For my fantasy Egyptian costume (Anubis) I made a necklace with black and gold plastic beads along with turquoise spacers. Since I’ve made a (slightly) more realistic costume.. (pending lots and lots of hand work for an even more realistic costume) I thought I’d update my necklace as well.
I started looking at Egyptian artifacts from the general time period I’m looking at… on Pinterest. I’m mostly trusting that the descriptions are fairly accurate -because admittedly I’m not doing any additional research at this point.
Materials & bead shapes
This Middle Kingdom necklace is all nearly-spherical round carnelian beads, strung on linen twine. It’s 45cm long in total.. though I’m not sure if that’s the total length including the tails, or just the length of the beaded section. Since this is from the grave of a little girl, I’m guessing the measurement includes the cords.
If the cords are approximately 2/7ths of the total length, this would mean the beaded section is approximately 32cm long. There are 50 beads, and they appear to be graduated from smaller near the ties to larger at the centre, though the graduation is pretty subtle. The average length of each bead is 0.6cm if the beaded section is 32cm long. (Averaged between the small and large.)
This New Kingdom necklace has electrum, feldspar, lapis lazuli & gold beads. The beads are oblong (like bone-beads) and round spherical, with a massive pendant at the focus.
This Early Kingdom necklace features tube/cylindrical beads made of lapis and gold with some gorgeous golden pendants.
More spherical beads
This glazed soapstone necklace held at the MFA Boston also features round ball-shaped beads. I wanted to find documentation for non faceted round beads, since that is the shape easily found in semi-precious stones locally. I’ve found it challenging to source some of the more interesting historical shapes locally (and online too for that matter!)
Faience is a material I’ve seen in a number of artifacts as well, but when I wanted to start making this, the Egyptian Faience beads I made hadn’t yet come back from the kiln… and I wasn’t sure if Faience would mix with semi-precious stones…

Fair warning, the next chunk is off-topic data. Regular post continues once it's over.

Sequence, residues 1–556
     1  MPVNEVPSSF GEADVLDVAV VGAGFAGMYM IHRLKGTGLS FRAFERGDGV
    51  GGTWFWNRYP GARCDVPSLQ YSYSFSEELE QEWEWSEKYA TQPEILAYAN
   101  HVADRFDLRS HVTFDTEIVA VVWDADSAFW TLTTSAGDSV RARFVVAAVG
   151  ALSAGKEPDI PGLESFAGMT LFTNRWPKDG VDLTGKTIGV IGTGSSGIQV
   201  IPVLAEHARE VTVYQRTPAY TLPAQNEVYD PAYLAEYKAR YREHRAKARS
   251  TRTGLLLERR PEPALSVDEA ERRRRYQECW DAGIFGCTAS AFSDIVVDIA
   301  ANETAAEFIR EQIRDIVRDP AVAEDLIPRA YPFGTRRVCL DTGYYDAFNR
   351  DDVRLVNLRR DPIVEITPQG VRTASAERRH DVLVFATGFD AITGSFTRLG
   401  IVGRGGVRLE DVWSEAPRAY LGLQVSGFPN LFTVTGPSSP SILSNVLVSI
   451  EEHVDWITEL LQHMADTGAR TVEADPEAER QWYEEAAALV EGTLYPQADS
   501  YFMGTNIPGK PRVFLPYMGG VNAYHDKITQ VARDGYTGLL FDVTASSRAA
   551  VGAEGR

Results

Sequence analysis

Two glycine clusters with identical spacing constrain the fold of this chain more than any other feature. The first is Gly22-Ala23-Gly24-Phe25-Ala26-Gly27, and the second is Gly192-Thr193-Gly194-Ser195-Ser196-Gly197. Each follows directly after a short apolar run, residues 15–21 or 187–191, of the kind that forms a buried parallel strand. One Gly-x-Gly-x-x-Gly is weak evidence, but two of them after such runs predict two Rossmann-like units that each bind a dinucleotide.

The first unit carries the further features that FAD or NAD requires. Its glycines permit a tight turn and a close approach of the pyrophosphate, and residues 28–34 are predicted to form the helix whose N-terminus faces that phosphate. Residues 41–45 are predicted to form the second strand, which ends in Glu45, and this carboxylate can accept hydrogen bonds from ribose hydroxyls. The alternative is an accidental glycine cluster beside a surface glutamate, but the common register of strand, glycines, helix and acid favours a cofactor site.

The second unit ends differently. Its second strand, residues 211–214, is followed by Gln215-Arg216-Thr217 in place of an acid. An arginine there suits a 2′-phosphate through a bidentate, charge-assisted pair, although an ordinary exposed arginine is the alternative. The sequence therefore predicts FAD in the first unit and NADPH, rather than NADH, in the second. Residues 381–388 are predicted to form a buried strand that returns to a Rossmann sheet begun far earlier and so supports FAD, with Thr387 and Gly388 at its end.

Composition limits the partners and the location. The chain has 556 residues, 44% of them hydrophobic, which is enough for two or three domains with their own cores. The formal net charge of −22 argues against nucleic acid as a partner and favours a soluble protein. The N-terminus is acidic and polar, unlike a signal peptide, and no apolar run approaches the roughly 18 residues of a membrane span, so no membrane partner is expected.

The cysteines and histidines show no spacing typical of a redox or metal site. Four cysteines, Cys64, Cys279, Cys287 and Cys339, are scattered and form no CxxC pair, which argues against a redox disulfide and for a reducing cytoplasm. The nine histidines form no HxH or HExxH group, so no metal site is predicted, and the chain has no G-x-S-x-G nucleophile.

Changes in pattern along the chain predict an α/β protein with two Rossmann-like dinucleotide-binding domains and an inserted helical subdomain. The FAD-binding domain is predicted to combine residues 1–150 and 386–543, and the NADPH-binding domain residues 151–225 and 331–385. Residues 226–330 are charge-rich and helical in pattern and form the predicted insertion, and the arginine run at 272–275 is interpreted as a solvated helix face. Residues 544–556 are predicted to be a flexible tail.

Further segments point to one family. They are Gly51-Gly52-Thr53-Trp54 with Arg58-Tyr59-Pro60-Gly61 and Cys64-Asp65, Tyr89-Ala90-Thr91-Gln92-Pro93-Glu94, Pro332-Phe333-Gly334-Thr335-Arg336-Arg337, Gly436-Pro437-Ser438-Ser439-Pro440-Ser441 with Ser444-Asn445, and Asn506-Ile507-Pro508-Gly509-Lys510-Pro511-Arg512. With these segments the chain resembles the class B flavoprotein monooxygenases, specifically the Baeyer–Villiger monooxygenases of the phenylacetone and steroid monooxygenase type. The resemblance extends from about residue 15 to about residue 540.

This Late Period collar uses mostly Faience tube beads along with ‘seed’ beads, with arrowhead-shaped pendants and gold spacers. No semi-precious stones in this one…
This six strand beaded bracelet with scarab feature. This New Kingdom bracelet seems to be very symmetrical with a repeating pattern. The beads are “gold, lapis lazuli, cornelian (aka carnelian) and glazed composition”, and appear (in the small photo) to be long ovals (like bone-beads), short barrels, and small roundels/doughnuts. The widest part of all beads seem to be the same diameter as one another. Could the “Glazed Composition” be Faience?
This beaded armlet from The Met is described as using semi-precious stones and Faience though… which is awesome to re-assure me of using the two together! The beads are similar to seed beads in shape, and are described as “Gold, carnelian, lapis lazuli, blue and green glass, faience on bronze or copper wire”. There is a distinct and even pattern of distribution, with each of the seven strands strung with approximately 8 gold beads, 4 carnelian beads, 8 gold beads, 4 faience beads, 8 gold bead, 4 lapis… and so on until the armlet is complete. It has three complete repetitions and the fourth is missing the lapis section.
Conclusions from extant examples
This was really a super brief overview, but I noticed that there were a lot of necklaces with multiple strands and a central pendant that were not the “collar” style. While there were a number of different bead styles, the spherical beads I have found more easily in semi-precious stones locally would still be ok. Materials which appeared in multiple examples included gold, lapis, carnelian, and faience – including examples showing all together.
I’ve started making two new necklaces (one using those Egyptian Faience beads I showed off a few weeks ago) so in a future post I’ll have the results to show off too. You can subscribe to my blog, or follow me on Facebook for the posts as they’re published. You can also see more photos of some of my works-in-progress and finished products on my Instagram account.